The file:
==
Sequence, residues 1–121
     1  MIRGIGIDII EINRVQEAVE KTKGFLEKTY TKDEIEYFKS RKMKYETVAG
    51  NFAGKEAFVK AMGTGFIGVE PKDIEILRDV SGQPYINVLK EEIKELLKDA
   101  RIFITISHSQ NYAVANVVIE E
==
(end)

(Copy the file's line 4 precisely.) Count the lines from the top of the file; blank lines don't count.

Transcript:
   101  RIFITISHSQ NYAVANVVIE E